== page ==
This Man Confessed (Page 10)
He rolls his eyes and sighs. ‘You’re mother is a pain in the f**king arse.’
‘Don’t wind her up, then.’ I laugh.
He shifts off me and pulls me to the edge of the bed. ‘She needs to accept who has the power.’ he says candidly, starting to re-cuff me.
My amusement increases. ‘You’re touching me. Of course you have the power.’ I attempt to pull my hand free from his grip, but the clanging of metal soon tells me he’s already managed to secure me. I look up at him. He grinning that roguish grin.
‘I’m sorry.’ He shakes our wrists, instigating another clanking of the handcuffs. ‘Who has the power?’
I scowl at him. ‘You can have the power for today.’ I brush my hair over my shoulder and rearrange my diamond.
‘You’re being very reasonable.’ he says quietly, swooping down and tackling my mouth. I grip his shoulder and soak up his attentive tongue and the warmth of his big palm secured at the base of my back. ‘Hmmm.’ he hums. ‘You taste delicious, Mrs Ward. Ready?’
I shake myself back to life. ‘Yes.’ I’m all breathy and hot.
His eyes drift down to my stomach, and his hand slowly lifts. I flinch when his hand connects, and he freezes, his fingers resting lightly on my belly. I don’t know why that happened. He doesn’t look up, he just waits a few silent moments before spreading his fingers, and then circling big, soft, rings on my stomach. I wish he would stop doing this. Neither one of us has spoken about it, but it can’t be avoided for much longer. He must sense my lack of enthusiasm. This little situation is my biggest burden of all. I don’t want a baby.
I pull back and his hand drops. ‘Come on, then.’ I can’t look at him. I start towards the door, but I’m soon halted when Jesse doesn’t follow, the metal of the cuffs cutting into my flesh. I wince a little.
‘Are we going to talk about this, Ava?’ he asks shortly.
‘Talk about what?’ I can’t do this, not now—not on my wedding day. We’ve had weeks of skirting around this, and for once it’s me who’s evading all talk. I’m in complete denial, I realise that, but it’s hitting me harder each day. I could be pregnant.
‘You know what.’
I keep my eyes down, not knowing what else to say. Time seems to slow, enhancing the awkward silence between us, and as I hear him draw breath to speak when I’m clearly not going to, the door crashes open and my mum charges in. I’ve never been so pleased to see her.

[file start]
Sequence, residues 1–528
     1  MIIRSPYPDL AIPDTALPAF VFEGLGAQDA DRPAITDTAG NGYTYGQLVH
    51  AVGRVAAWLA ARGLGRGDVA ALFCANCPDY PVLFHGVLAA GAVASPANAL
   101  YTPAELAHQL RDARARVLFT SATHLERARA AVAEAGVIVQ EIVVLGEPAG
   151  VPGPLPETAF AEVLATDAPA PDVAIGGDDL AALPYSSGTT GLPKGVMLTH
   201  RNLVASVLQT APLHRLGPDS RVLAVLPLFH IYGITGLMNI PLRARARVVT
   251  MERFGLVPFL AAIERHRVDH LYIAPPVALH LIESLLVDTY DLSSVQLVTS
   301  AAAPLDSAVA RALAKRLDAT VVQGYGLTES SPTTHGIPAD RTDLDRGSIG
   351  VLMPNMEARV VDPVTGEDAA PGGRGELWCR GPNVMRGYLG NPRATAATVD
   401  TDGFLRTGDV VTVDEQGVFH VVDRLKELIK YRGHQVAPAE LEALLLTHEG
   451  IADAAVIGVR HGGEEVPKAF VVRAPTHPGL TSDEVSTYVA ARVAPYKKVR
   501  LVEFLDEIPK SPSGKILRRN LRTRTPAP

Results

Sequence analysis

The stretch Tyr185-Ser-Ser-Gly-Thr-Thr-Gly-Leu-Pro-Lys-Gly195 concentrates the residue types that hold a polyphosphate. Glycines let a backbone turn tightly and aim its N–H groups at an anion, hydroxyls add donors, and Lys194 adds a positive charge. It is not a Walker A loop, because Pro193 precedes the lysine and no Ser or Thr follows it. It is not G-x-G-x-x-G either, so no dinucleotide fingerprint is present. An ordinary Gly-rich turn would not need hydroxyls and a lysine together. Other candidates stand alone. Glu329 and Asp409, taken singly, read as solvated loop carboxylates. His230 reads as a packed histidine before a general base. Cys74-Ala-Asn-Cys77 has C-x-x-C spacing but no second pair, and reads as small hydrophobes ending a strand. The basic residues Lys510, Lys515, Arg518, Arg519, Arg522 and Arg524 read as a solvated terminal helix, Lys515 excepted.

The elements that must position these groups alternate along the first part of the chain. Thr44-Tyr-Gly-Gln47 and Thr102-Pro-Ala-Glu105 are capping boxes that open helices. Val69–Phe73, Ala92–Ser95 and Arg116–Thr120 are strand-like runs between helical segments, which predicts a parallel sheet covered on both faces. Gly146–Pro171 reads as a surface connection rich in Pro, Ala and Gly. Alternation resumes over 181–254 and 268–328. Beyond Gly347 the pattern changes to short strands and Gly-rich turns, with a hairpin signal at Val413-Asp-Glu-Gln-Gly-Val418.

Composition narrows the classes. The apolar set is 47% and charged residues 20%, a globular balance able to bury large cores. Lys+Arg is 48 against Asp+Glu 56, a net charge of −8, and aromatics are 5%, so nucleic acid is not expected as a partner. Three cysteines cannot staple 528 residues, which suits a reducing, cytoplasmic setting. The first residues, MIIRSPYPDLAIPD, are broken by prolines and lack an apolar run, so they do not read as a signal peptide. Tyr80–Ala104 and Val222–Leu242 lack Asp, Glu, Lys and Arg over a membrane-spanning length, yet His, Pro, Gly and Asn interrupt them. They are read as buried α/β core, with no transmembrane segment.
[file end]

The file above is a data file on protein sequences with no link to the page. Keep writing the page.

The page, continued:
‘Can I ask,’ she starts, all stern, ‘why you two didn’t just run off somewhere to get married? You have guests downstairs, dinner is being served and I’m thoroughly fed up of running around trying to control you.’
‘We’re coming.’ I pull at the cuffs, but he doesn’t budge.
‘We’ll be a few minutes, Elizabeth.’ Jesse counters shortly.
‘No, we’re coming.’ I argue, silently begging him to leave this exactly where it is. I give him pleading eyes, and he shakes his head on a sigh. ‘Please.’ I say quietly.
His hand delves into his hair in frustration and his jaw tightens severely. He’s not happy, but he relents and lets me pull him from the room. I can’t believe he has chosen today of all days to push for a talk on this. It’s my wedding day.
We make our way downstairs, the silence between us remaining uncomfortable, but my mum is oblivious. I’m feeling mad. Why today?
The summer room looks incredible. Hints of green foliage peek out from among the masses of calla lilies adorning every spare space. The chairs are draped in white organza with big green bows fastened to the back, and the tables are scattered with fern leaves. Tall glass vases, full of crystal clear water and tall calla lilies dominate the tables.
Simple, understated elegance.
I’ve picked my way through a three course meal with no wine, played with my napkin and indulged anyone who’s approached in conversation. I’ve done anything to avoid looking at Jesse. John has given a short, sweet speech as Jesse’s best man. There was no talk of their history as friends, no mention of Uncle Carmichael or the early days. John doesn’t do humour, although he seems to find Jesse’s way with me quite amusing.
And my Dad. I’m close to tears as I watch him battle his way through his post-it notes, reminiscing on my youth, advising every one of my feisty streak, and then proceeding to tell them about the time I got caught shoplifting a penny sweet and ate the evidence.
He raises his glass and turns towards us. ‘Jesse, good luck.’ he says seriously, prompting a chorus of laughter from all of our guests and a huge smile from Jesse, who raises his glass, too, then stands himself, keeping his arm down so he doesn’t yank at my wrist. My dad is applauded as he sits and downs a straight whiskey, my mum rubbing his shoulder on a smile.
Jesse places his water on the table and turns towards me, dropping to his knees and taking my hands in his. My back straightens, and my eyes make a quick scan of the room, noting all attention is pointed right at us. Why can’t he play by the rules?
His thumbs are working fast circles on the backs of my hands, and then he plays with my rings, turning them on my finger before straightening them up. He lifts his glorious greens, and I’m blasted by twinkling pools of pure happiness. I make him happy, even when I’m avoiding something we really do need to talk about. After my continuous battle to get this man talking, it’s now me who’s skirting around things. It’s me running away from it, even if I am running away from a problem he’s created.